When faced with natural disasters on the scale of the 2004 Asian tsunami, Caritas is equipped to take a two-pronged approach to cover both the immediate need and the long-term recovery.
Caritas Internationalis secretary general Lesley-Anne Knight said in Wellington last month, that because Caritas is part of the Catholic Church which has many organisations on the ground in many countries, it is able to swing into action very quickly and also to stay to make sure a stricken country’s infrastructure is repaired.
‘We have a capillary of community networks—parishes and schools—so when a big humanitarian disaster happens, we’re there and the way we then work is coherent with the way we worked before. When you’re distributing tents or blankets, food or medicines, you do so knowing that you’re trying to ensure that when the whole crisis is over, people will still have the wherewithal to pick up their livelihoods.’
Another important role Caritas has is in advocating for the poor on behalf of justice.
‘If I don’t go and lobby governments about the 0.7 percent of gross national income going towards development aid (agreed to by UN member countries 40 years ago), if I don’t go along to them and say, “the fact that you give 0.3 percent of GNI to developing peoples but you’re spending 32 percent in arms, do you not see there’s something morally not quite right with that?” I’m not following through on the need to address the causes of poverty.’
On the question of the level of aid, Ms Knight uses the example, when talking to children, of giving a bread roll to a hungry person. When they return the next day, hungry again, the child asks what to do.
‘I need to give him bread today,’ and you say ‘I haven’t got it today,’ so the child asks, ‘well, what’s he going to eat?’ ‘What do you think you can do about it? Why do you think he hasn’t got bread today?’ Through this exchange the child learns that the handout, social service mentality doesn’t work because it’s not a good use of resources.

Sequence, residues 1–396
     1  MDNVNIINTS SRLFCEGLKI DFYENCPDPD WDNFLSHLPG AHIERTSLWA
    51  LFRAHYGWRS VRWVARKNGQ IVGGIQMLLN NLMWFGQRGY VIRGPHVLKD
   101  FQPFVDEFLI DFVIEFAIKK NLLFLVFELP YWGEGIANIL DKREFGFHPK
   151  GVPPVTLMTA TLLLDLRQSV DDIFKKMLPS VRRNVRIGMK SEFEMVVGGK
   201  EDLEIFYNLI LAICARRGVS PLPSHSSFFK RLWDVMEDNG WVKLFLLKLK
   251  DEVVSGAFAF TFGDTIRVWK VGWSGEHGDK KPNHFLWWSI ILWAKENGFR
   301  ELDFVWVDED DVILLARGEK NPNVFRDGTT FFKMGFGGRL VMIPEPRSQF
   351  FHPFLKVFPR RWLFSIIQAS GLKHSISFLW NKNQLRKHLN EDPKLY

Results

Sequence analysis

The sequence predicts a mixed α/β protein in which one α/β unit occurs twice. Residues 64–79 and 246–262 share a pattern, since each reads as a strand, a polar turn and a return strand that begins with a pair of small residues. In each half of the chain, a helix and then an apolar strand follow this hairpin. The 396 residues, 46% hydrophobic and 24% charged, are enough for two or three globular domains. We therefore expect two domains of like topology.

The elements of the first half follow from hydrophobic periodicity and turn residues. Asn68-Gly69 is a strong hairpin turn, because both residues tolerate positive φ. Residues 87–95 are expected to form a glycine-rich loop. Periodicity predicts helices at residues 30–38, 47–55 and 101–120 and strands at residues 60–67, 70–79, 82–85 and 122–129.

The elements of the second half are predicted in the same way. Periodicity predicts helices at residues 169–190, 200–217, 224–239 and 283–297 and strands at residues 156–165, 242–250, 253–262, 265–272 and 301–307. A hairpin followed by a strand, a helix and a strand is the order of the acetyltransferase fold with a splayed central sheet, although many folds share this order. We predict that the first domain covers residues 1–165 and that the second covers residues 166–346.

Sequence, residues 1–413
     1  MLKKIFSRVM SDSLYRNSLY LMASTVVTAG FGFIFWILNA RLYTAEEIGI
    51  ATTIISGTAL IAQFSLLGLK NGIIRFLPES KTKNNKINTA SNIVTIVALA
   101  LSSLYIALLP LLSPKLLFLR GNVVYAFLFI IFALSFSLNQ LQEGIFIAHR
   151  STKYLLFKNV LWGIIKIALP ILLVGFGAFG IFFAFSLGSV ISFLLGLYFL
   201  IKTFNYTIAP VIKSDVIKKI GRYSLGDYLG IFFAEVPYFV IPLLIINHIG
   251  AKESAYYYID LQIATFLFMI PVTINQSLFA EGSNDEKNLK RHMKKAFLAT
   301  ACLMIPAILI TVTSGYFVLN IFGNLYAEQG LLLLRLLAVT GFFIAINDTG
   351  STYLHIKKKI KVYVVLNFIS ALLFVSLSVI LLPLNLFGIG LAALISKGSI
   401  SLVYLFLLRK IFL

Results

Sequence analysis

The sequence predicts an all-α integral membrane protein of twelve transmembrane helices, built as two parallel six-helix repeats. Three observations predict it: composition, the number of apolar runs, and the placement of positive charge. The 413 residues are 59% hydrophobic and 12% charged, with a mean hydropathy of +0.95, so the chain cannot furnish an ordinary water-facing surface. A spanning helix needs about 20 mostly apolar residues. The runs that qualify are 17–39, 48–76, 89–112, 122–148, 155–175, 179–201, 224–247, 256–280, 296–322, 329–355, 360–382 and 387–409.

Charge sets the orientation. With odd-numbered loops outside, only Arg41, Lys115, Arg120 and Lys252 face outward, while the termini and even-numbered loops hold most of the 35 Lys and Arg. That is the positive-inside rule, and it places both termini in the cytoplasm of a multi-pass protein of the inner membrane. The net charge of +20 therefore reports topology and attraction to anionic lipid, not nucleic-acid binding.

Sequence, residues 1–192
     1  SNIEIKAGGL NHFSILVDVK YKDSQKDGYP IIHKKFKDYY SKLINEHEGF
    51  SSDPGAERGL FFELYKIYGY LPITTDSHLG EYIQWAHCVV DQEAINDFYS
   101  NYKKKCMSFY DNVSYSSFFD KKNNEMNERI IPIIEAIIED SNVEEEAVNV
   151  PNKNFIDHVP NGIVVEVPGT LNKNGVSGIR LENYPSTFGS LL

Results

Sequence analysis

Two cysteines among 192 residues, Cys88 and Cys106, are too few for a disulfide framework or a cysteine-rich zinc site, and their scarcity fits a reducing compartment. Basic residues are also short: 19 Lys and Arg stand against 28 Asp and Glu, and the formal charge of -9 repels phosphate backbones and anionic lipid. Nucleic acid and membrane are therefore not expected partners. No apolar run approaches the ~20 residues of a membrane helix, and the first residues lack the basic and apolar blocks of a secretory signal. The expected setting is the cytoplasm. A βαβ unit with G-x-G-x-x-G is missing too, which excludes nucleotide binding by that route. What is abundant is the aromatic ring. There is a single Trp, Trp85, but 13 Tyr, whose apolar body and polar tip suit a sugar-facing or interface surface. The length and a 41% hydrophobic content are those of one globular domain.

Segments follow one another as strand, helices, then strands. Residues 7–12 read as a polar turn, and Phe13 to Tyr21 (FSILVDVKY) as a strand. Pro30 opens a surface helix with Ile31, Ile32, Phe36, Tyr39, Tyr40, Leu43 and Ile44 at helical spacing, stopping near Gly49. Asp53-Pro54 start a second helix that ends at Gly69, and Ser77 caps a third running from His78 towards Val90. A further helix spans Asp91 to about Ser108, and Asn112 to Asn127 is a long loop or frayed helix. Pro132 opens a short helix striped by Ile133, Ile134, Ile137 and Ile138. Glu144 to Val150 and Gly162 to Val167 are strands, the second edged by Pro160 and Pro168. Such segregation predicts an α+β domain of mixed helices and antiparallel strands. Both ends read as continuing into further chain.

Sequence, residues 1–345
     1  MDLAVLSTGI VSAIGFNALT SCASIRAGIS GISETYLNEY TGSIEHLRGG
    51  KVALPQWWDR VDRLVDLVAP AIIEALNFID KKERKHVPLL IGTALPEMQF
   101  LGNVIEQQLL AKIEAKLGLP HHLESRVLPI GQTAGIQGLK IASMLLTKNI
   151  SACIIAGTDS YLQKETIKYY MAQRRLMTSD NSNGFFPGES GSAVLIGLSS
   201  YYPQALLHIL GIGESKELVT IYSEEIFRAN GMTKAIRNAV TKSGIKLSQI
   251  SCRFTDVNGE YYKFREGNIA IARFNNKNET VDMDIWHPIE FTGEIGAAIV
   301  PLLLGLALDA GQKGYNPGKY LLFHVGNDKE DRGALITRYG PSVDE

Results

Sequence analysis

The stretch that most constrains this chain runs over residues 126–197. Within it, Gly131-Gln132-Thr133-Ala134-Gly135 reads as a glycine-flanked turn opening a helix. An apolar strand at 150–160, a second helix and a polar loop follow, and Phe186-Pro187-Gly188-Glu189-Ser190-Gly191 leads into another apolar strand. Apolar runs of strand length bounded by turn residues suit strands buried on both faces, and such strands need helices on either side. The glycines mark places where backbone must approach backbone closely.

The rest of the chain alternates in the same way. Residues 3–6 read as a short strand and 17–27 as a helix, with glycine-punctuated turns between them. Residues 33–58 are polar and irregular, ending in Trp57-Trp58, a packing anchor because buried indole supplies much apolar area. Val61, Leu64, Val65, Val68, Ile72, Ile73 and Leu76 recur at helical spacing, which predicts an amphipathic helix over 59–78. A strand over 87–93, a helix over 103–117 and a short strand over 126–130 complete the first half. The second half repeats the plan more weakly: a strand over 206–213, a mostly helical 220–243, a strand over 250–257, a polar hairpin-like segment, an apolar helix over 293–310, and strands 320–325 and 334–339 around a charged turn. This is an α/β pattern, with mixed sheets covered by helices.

Children understand very well through the parable of the Good Samaritan the need to take care of the longer term issues.
‘If you say to them, “remember how the Good Samaritan took the wounded man to the innkeeper and said, ‘here’s the money to take care of him and on the way back I’ll come and check up to see how things are doing’, it’s the bit that says “I’m providing for somebody now because they’re in need—what I’m going to be doing is to check up to see what’s happening after you’ve taken care of him”—that is something that people can respond to when they realise that he focused on the long-term needs of the victim as well as his immediate welfare.’
Ms Knight says this longer-term need makes her role as spokesperson for Caritas Internationalis at the United Nations, the World Food Programme, the World Bank and the International Monetary Fund very important.
She says people want to hear the trusted voice of the Catholic Church and Caritas needs to lobby for people’s right, ‘To protection, the right for them not to be attacked, the right for them not to be in conflict areas, the basic human rights we all have to air, to water, to protection to shelter and you talk about it with them as something that is addressing the structural injustice of where they are. Even with issues like at the moment climate change, the economic crisis, the voice of Caritas must come in as a voice of justice.’